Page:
I began using that Joyce line, years ago, as a proof of dreams. I work odd jobs to eke out my living from town to town, so most vertiginous mornings start with my catechism: “What are you thinking? Is it logical?” Yes. “Is it coherent?” Yes. “You were dreaming.” The next few moments I spend drawing up the day’s cosmography. It will only last the day. It takes all the effort of imagination now to divide nature from contrivances. Surely the stars are natural. The streetlamp is not. A peach may grow organically around a counterfeit stone. A tree is rustic from this angle, but the tidy row behind traces an arc of artifice as I pass along the unnatural road. Is my path natural? How else to judge but to measure myself against convention? Which I am also obliged to invent? I resist the gauche urge to victimize my friends, since it’s easy enough to fashion lives for people I don’t know. I tear a few from my perforated templates: CEO. Software Engineer. Marketing Consultant. I plop them into plush deck chairs in St. Barts and place lowball glasses into their pale fingers. I dress them in marvelous chi-chi outfits but their faces are all the same. Or I should say, they are a bank of one impassive face repeating — the bland portrait of a turquoise horizon, merging and vanishing in an oblique line of thermoplastic facsimile across a luminous liquid crystal field. Beyond the offing, their faces hum a hot squall of technical, statistics-based formulas for streamlining my online payment or fielding my search query, “what happened to tootie facts of life?” Most of the time, even when I seem lost in thought, I’m not really thinking about anything — more likely at any given moment I am trying to remember the lyrics to “Informer.” If each of these things is like the other, mine must be the face that has wandered into the dark. It is comforting to imagine, at least, that strange illustrious heads are keeping vigil over the cosmic order, over drinks, under a far-off sun.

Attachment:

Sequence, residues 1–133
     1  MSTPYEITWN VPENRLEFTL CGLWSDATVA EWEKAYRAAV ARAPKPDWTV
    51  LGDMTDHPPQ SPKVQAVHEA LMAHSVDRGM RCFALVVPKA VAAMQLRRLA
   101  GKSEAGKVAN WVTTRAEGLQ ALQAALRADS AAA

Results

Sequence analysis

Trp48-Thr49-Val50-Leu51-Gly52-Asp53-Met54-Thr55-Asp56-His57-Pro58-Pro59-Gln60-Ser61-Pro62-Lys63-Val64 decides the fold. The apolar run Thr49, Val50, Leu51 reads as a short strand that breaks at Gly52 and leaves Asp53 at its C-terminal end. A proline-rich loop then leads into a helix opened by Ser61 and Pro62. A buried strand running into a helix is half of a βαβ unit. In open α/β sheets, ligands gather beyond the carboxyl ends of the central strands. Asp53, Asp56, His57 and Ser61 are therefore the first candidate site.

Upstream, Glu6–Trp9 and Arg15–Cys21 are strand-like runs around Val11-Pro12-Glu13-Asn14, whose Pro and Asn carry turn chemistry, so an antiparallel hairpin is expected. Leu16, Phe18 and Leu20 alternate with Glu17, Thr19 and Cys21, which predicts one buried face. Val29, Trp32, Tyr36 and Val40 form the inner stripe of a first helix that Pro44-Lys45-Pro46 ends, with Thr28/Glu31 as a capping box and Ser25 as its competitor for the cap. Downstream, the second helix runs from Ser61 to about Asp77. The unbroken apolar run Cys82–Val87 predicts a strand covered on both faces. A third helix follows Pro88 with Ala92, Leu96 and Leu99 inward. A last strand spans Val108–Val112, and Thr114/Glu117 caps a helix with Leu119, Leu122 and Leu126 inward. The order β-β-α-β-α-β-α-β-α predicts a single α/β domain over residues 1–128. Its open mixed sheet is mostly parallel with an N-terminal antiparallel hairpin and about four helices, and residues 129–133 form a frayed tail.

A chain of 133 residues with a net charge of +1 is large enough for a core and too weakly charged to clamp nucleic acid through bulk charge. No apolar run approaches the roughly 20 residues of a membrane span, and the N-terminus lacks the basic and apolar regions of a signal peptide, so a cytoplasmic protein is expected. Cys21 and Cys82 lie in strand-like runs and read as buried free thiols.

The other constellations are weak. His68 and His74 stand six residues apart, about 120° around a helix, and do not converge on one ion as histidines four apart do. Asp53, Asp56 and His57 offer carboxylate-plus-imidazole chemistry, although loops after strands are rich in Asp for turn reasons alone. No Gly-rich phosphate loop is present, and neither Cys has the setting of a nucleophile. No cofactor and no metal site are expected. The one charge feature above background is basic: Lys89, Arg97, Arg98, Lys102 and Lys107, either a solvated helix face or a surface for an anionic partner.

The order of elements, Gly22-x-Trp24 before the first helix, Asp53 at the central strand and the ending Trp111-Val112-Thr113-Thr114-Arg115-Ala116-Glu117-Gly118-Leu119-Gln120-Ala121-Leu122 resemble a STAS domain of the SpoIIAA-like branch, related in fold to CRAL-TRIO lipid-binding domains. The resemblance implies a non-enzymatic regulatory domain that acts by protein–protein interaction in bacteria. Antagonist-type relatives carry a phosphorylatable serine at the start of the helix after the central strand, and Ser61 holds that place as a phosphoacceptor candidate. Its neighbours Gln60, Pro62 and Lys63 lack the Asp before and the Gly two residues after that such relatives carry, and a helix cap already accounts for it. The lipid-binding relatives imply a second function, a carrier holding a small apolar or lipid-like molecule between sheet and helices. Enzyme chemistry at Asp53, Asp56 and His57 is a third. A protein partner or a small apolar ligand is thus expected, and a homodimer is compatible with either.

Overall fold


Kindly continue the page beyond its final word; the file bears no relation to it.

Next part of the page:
Once I’ve exhausted their vague brilliance, my fancies mellow into a general wonder of how people choose their careers. Sometimes I am content to wonder at the speculation surrounding how people choose, or ought to choose, or if they choose. Which is the natural thing? Continue reading →
Zac Parker graduated with a B.A. in Religious Studies from the University of Alabama in 2011. Here he helps us kick off our new, ongoing series, Grad Tales Extra, in which grads not able to join us on campus, to discuss the relevance of their degree, can drop us a line instead, to update us on what they’ve done since leaving Manly Hall.